We perform a climatology of factors influencing ambient carbon monoxide (CO), in which we examine the relationships between meteorology, traffic patterns, and CO at seasonal, weekly, and diurnal time scales in Phoenix, Arizona. From this analysis we identify a range of potentially important variables for statistical CO modeling. Using stepwise multivariate regression, we create a suite of models for hourly and 8-h ambient CO designed for daily operational forecasting purposes. The resulting models include variables and interaction terms related to anticipated nocturnal atmospheric stability as well as antecedent and climatological CO behavior. The models are evaluated using a range of error statistics and skill measures. The most successful approach employs a two-stage modeling strategy in which an initial prediction is made that may, depending on the forecast value, be followed by a second prediction that improves upon the first. The best models provide accurate daily forecasts of CO, with explained variances approaching 0.9 and errors under 1 ppm.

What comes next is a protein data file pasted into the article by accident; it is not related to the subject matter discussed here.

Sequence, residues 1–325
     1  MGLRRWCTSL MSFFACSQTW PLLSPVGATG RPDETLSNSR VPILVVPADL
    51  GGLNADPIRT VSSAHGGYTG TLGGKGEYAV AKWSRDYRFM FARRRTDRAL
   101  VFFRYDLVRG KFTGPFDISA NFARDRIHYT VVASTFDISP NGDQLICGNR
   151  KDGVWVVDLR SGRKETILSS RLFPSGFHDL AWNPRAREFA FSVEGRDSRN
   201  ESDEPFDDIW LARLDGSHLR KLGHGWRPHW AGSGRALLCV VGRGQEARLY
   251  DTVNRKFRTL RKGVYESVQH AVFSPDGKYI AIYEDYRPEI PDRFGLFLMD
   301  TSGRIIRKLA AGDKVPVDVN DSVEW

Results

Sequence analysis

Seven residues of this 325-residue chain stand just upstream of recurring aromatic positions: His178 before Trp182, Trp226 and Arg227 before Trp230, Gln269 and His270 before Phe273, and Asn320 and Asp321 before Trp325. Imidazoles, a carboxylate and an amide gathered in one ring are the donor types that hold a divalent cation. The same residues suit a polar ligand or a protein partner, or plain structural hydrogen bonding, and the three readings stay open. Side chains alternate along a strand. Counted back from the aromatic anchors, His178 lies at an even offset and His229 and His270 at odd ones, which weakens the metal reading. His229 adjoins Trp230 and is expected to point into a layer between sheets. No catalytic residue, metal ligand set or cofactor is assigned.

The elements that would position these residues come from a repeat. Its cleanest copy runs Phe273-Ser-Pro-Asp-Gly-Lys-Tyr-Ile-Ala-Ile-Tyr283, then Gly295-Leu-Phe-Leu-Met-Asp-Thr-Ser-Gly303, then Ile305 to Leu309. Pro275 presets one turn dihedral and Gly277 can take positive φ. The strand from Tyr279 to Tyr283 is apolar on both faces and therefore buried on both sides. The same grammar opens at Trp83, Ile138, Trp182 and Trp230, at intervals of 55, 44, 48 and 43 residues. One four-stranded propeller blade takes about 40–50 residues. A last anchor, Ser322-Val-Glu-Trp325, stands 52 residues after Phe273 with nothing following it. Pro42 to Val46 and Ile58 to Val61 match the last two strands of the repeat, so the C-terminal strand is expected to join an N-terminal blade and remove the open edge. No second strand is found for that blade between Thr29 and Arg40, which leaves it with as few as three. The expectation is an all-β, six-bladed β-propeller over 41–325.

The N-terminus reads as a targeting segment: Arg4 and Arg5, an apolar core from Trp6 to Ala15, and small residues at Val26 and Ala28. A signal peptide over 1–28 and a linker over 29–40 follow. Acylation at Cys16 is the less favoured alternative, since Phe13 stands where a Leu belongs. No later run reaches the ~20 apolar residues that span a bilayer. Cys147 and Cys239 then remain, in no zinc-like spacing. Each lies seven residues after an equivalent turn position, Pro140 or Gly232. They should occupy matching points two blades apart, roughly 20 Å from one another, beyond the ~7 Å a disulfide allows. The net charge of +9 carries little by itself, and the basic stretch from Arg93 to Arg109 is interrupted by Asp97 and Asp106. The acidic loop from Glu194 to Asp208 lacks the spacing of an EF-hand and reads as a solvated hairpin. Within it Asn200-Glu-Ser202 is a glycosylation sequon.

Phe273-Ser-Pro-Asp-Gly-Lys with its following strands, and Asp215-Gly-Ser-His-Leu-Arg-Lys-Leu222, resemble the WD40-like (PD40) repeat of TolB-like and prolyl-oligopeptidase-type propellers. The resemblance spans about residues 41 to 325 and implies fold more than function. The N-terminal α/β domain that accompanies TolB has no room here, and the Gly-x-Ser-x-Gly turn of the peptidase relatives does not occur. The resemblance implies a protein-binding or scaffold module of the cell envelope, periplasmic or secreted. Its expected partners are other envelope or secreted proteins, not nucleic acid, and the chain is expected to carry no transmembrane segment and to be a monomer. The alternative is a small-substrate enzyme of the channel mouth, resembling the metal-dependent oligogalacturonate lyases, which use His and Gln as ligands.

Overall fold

Original languageEnglish (US)
Pages (from-to)5023-5036
Number of pages14
JournalAtmospheric Environment
Issue number30
StatePublished - Dec 1999


  • Air pollution forecast
  • Climate
  • Inversion
  • Statistical modeling
  • Urban air quality

ASJC Scopus subject areas

  • General Environmental Science
  • Atmospheric Science


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